Saturday, August 24, 2013
Bruno's great sense of place, already evident in his earlier thrillers, comes to the fore, taking the reader to the streets of Havana and Santiago and to the bizarre world of the Guantanamo Line, where one of the world's last remaining Communist regimes and an illegal American occupier coexist.
Against this colorful backdrop, Bruno creates a fast-paced plot of the endgame in Cuba, as the corrupt regime of the Castro brothers faces its own group of militant rebels determined to throw them out just they had ousted Batista in the 1950s. An intrepid FBI agent of Cuban heritage, Nick Castillo, is drawn into this drama, making common cause with the rebels even as he falls into an ambiguous relationship with the designated heir of the Castros, Che's (fictional) daughter, Larisa Montilla.
The action includes the inter-agency conflict between the FBI and the CIA embodied in Castillo's own discordant relationship with Kate Kovalchuk, an "ice princess" paired with Castillo to find out just what is going on in Cuba as hardship and government paralysis drive the people to rebel against the failed regime.
Bruno has a healthy respect for the tenacity of a corrupt regime to cling to power. He also depicts how foolish it would be to underestimate the extent to which Cuban intelligence has infiltrated our own government with all-too-real vignettes of traitors at work. Just because the Castros are incompetent in running a country doesn't mean they aren't masters of espionage and sabotage.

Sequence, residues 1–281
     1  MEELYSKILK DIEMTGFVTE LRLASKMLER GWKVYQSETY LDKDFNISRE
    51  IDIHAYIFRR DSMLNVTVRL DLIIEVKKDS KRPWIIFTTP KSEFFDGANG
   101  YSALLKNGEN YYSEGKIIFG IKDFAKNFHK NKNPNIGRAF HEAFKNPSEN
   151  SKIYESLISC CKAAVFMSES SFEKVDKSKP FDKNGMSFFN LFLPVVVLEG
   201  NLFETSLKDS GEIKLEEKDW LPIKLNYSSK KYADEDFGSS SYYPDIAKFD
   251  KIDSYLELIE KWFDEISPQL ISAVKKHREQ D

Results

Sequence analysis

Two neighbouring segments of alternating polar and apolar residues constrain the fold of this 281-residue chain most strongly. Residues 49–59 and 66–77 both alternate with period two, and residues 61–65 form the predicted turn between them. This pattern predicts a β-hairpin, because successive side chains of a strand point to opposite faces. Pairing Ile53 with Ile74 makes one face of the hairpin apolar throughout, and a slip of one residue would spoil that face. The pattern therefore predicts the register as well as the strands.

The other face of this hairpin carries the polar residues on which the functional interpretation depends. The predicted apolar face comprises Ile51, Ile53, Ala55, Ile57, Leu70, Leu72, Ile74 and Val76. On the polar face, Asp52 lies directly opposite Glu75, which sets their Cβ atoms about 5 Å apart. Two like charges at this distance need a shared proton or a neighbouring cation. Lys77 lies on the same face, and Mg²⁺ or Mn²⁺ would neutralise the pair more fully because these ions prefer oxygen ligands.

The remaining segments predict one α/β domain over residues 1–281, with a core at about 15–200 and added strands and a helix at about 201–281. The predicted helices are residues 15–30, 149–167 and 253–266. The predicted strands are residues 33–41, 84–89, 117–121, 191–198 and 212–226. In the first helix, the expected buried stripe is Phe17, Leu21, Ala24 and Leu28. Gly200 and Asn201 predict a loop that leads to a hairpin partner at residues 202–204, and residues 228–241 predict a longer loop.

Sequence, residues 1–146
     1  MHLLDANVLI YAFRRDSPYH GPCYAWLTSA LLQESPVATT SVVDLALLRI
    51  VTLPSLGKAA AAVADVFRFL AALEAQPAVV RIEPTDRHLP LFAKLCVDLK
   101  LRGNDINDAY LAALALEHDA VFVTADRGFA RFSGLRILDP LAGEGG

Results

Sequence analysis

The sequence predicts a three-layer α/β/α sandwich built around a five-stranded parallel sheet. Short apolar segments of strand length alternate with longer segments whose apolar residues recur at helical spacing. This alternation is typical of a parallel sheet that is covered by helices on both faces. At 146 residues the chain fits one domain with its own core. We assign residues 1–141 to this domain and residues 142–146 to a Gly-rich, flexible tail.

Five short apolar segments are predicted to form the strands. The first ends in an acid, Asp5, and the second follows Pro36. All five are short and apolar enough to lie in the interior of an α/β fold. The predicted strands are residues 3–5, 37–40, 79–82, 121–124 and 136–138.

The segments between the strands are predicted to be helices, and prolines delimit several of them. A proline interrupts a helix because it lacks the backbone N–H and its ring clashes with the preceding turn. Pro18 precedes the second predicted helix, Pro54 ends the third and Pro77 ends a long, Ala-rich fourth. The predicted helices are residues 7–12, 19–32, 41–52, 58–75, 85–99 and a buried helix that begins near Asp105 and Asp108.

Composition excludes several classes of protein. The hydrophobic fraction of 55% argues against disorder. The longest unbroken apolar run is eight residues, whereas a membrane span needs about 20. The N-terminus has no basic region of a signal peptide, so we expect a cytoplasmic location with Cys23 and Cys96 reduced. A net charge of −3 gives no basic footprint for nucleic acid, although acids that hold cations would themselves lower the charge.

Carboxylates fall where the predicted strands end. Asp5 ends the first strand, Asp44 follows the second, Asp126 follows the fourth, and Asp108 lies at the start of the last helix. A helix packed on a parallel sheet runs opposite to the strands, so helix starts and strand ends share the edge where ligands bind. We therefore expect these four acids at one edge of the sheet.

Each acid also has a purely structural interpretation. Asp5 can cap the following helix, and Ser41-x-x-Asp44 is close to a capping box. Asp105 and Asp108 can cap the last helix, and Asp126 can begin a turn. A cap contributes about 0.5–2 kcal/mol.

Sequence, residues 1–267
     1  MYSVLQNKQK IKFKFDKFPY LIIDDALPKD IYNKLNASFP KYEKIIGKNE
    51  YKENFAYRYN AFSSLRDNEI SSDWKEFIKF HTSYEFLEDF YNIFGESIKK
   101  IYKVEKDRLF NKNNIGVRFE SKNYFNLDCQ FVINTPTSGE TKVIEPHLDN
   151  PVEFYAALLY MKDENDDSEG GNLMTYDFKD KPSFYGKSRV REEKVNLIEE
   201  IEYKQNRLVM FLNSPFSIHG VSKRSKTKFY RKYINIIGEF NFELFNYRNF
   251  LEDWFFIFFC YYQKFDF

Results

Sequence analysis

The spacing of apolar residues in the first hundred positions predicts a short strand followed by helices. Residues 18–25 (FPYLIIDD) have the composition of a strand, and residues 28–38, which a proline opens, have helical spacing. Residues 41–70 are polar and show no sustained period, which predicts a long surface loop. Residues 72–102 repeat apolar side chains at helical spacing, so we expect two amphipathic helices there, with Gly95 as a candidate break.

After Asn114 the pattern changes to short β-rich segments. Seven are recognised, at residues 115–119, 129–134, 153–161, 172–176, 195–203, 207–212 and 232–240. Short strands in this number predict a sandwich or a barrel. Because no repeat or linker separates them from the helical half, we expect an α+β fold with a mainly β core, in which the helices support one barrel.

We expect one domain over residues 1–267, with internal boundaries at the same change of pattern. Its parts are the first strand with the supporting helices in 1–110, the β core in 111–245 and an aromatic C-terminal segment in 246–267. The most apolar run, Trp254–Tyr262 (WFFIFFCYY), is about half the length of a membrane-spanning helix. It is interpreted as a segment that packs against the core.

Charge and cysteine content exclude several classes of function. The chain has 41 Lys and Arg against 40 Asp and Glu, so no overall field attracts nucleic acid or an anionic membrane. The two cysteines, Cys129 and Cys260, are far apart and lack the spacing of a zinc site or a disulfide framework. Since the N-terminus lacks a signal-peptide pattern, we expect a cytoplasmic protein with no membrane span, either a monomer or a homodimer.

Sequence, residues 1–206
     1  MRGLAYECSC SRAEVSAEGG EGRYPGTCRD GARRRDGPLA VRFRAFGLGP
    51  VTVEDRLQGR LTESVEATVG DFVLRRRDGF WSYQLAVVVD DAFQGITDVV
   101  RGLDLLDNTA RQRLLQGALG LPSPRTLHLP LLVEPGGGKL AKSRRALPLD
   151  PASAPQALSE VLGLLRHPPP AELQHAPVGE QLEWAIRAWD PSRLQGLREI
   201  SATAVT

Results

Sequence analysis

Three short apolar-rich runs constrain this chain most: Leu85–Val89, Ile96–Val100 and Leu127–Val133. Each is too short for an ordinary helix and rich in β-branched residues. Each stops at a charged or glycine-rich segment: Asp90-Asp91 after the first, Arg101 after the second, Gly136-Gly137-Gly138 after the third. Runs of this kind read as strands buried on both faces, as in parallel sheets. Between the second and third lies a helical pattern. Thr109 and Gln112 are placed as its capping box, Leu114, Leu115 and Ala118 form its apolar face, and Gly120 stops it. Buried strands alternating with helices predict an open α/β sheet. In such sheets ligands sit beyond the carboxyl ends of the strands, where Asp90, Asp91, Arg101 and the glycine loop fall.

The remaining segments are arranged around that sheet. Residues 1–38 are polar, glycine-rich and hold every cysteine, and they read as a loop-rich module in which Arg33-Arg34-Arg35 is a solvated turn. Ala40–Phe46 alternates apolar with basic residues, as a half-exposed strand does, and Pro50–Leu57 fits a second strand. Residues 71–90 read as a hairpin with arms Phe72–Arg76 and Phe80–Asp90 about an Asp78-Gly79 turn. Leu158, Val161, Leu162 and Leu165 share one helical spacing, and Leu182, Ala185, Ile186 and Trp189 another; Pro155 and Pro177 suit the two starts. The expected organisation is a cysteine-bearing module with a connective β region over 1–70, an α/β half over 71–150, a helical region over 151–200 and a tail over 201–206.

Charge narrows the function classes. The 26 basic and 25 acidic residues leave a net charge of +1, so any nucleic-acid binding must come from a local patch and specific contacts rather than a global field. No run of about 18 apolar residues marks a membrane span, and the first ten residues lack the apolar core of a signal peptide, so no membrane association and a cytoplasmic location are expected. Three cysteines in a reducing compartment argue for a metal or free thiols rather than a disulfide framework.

In fact, in a final act of defiance, the dying regime in Cuba is ready to strike at the very heart of its giant nemesis to the north by setting in motion a plan to assassinate the president of the United States even as all is lost.
This is the dramatic denouement as rebel forces appear to win the day in Havana and Santiago, forcing Nick and Kate to return to the States in a last-ditch effort to foil this final plot.
Bruno's timely novel will have you checking the news to see how much of his scenario is taking place right now. His sympathetic portrayal of a society waiting to rejoin the civilized world will have you rooting for them, too, and the day when this last bastion of Leninism joins the dustheap of history.